It appears that Wake County’s traditional-calendar students will not get Yom Kippur off as as teacher workday in 2015.
On Thursday, school board members told administrators to get feedback on two possible calendars for the 2015-16 school year that drop the proposed teacher workday on Yom Kippur, which is the holiest day of the Jewish year. Board members acknowledged the impact of the change and said it will be communicated that Jewish students can get an excused absence if they take that day off.
The tentative elimination of the Yom Kippur workday in 2015 revolves around school leaders saying it’s better to give students two full weeks off for winter break while finding enough time for teachers to have planning before school starts and avoiding a workday on a Wednesday.
Click here for a blog post about how board members raised concerns Tuesday about how a Sept. 23, 2015 teacher workday would be inconvenient for families because it’s in the middle of the week. That workday was proposed as part of the district’s practice to try to have a workday on either Yom Kippur or Rosh Hashanah.
Click here for a blog post about board members asking staff to also revise the proposed 2015-16 schedule for traditional-calendar schools to make it possible for students to have Dec. 21 and Dec. 22 off so that winter break would go two full weeks. Click here for links to different calendar options presented Tuesday.
Fast forward to Thursday’s student achievement committee meeting where staff presented two more versions of the calendar. Click here to view them.
Version 7 moves the Yom Kippur workday to April 25. It’s a variant of Version 6 that has five workdays in August the week before classes start. It also allows the last day of classes to be June 8 with June 9 and June 10 serving as workdays and potential makeup days.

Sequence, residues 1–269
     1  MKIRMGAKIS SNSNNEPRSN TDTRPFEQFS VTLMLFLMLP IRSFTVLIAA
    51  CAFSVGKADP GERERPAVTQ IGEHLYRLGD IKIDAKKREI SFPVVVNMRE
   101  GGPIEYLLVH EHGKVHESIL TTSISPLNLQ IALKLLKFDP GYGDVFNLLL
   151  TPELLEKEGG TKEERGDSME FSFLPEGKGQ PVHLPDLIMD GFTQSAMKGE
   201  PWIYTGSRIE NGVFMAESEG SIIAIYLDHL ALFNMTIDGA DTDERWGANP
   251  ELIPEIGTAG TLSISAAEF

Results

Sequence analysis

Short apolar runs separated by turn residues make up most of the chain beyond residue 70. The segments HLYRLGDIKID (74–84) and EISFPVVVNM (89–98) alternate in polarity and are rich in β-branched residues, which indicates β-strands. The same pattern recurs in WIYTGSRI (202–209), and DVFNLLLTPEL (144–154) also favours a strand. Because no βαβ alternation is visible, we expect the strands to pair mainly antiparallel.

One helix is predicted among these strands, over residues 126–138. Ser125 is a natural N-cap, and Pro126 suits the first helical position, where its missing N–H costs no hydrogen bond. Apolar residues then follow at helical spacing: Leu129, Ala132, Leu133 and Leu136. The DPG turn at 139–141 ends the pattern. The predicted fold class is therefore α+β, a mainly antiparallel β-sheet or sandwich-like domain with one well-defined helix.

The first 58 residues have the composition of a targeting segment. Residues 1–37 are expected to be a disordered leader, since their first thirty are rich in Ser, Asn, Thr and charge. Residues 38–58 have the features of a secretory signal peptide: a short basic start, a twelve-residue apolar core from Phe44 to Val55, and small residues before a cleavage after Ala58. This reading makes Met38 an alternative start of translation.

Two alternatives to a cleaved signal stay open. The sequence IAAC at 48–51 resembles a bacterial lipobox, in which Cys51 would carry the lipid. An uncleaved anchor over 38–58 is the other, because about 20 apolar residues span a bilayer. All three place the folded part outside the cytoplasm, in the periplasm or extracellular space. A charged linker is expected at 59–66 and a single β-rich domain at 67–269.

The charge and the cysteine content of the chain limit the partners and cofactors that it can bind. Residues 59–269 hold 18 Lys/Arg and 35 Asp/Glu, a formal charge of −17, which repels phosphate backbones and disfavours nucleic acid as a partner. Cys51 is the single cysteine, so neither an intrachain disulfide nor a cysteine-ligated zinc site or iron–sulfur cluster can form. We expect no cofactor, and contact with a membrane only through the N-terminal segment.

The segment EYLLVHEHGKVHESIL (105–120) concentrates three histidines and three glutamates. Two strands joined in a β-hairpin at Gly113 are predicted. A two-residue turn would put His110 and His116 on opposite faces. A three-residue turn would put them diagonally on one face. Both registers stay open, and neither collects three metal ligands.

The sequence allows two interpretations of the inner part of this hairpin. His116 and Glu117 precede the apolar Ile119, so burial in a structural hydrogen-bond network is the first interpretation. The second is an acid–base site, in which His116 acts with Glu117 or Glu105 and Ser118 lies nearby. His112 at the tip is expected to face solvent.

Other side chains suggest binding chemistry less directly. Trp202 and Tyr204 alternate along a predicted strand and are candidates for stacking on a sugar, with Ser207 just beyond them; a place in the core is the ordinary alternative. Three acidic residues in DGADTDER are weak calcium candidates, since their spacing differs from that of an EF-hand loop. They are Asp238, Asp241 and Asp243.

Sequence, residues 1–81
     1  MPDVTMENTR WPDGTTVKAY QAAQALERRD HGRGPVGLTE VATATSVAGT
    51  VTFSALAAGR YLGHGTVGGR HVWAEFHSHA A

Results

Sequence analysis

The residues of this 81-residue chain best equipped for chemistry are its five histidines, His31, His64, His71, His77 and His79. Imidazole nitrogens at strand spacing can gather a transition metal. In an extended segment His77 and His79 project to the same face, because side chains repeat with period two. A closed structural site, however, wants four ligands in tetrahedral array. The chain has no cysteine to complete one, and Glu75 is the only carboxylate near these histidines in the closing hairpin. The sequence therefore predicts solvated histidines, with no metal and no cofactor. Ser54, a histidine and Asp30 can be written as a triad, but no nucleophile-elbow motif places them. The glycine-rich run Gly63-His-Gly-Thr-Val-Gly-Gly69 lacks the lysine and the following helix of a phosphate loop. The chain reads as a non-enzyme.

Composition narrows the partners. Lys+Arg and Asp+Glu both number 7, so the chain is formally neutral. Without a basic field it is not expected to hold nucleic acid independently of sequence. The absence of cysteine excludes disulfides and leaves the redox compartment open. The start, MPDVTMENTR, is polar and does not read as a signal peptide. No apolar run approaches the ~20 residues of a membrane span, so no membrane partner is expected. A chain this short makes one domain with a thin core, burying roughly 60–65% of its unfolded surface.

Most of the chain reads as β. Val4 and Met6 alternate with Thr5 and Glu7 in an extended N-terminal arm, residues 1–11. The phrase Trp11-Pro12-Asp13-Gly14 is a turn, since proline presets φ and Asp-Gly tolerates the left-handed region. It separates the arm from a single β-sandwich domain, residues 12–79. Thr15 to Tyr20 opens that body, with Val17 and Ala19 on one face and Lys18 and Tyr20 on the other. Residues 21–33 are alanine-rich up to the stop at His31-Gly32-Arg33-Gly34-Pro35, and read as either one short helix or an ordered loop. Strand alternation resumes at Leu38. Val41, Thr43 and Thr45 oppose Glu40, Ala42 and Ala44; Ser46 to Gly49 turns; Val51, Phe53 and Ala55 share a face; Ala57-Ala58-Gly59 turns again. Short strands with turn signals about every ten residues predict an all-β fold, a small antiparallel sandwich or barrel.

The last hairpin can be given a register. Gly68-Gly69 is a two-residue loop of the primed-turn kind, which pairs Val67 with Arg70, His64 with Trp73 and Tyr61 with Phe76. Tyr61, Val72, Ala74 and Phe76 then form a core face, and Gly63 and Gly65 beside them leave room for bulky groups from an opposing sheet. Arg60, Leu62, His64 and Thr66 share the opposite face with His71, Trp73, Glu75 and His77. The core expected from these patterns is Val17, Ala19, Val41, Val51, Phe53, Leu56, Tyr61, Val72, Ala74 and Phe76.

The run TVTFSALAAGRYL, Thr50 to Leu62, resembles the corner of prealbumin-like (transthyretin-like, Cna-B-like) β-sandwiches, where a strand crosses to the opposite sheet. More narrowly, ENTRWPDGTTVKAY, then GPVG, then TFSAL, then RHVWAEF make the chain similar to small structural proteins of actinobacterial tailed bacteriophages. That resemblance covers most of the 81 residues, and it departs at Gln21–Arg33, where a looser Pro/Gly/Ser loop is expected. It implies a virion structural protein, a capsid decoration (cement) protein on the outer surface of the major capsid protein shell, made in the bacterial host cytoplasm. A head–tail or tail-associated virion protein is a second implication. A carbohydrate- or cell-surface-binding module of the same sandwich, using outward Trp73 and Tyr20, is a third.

Board members had liked Version 6 because it gave the maximum number of days for teachers to have planning time in August. But board members hadn’t liked not having a workday between April 1 and May 27, something Version 7 rectifies.
As it was noted that Yom Kippur would now be a regular school day, school board chairwoman Christine Kushner said they can reiterate to parents that their children can receive an excused absence for their religious faith.
Board member Bill Fletcher said that federal law requires them to base calendar decisions on likely attendance for a day and not that it’s a religious holiday.
Staff then went over Version 8, which moves the Sept. 23 workday to Feb. 16. While that day is a Tuesday, it would come right after President’s Day to give families a four-day weekend.
Version 8 is a variant of version 3 with four workdays the week before classes start. Classes would end on June 9.
Board members asked how many workdays are needed by teachers the week before classes start.
Cathy Moore, deputy superintendent for school performance, said that she was able to make it work with four days when she was a principal. She said one of the days is used for Central Services training and two days are used for staff meetings and open houses.
Moore said the final day can be protected for planning time for teachers.
School board member Jim Martin said he’d like to get input from teachers on the two options.
Moore said that they can send both new versions to the Superintendent’s Teacher Advisory Council and the calendar committee that developed the initial calendar.
The board vote is expected at the May 20 meeting.